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There’s an unmistakable paradox surrounding the sudden death of Ron Mallett’s father when Mallett was an impressionable kid growing up in the Bronx: Had Boyd Mallett survived, his son never would have devoted himself with such obsessive zeal to unraveling the mystery of time travel in hopes of saving his father’s life.

Should Ron Mallett someday succeed — traveling backwards in a time machine to warn his father about this two-pack-a-day smoking habit — he would, in theory, be extinguishing the flame that has burned inside him for decades.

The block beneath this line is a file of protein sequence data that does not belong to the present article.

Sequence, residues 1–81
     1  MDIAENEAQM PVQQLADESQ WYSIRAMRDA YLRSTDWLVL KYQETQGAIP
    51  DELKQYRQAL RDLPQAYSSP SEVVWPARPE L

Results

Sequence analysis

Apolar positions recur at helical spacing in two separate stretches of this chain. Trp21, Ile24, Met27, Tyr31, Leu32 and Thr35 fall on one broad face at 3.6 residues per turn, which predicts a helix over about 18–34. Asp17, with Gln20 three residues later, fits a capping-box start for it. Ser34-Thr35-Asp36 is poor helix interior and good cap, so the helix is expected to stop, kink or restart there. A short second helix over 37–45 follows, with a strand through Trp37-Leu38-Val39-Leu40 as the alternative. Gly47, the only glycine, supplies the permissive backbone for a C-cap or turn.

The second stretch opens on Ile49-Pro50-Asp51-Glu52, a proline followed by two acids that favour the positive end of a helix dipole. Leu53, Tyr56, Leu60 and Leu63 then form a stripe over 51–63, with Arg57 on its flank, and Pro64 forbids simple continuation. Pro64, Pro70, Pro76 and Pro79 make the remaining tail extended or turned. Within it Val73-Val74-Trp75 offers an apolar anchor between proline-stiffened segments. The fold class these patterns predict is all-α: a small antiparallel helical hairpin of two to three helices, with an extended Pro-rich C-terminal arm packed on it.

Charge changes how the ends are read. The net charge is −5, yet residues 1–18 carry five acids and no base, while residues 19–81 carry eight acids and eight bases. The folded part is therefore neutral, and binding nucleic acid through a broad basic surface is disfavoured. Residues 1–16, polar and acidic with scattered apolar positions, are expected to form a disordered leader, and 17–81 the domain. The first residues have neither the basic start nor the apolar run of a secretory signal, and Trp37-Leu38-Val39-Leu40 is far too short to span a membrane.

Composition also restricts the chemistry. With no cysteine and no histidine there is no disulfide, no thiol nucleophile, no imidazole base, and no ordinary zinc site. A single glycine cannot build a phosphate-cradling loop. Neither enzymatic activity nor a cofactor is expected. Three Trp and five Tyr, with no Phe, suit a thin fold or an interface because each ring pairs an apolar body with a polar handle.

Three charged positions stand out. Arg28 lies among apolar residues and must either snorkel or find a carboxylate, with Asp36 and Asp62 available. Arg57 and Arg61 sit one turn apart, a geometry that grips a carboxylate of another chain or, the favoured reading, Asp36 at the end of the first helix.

(Have you seen the movie “Interstellar”? Yeah, it’s kinda like that.)

“My love for him is still as strong as it was 60 years ago,” Ron Mallett told The Washington Post of his father, who died in 1955 at age 33. “When I’m on my death bed, I will be thinking of him. His death is the reason I am what I am.”

What he is is a 69-year-old theoretical physicist at the University of Connecticut who, at the tail end of a celebrated career, finds himself closer than ever to building the time machine that has mesmerized him since childhood.

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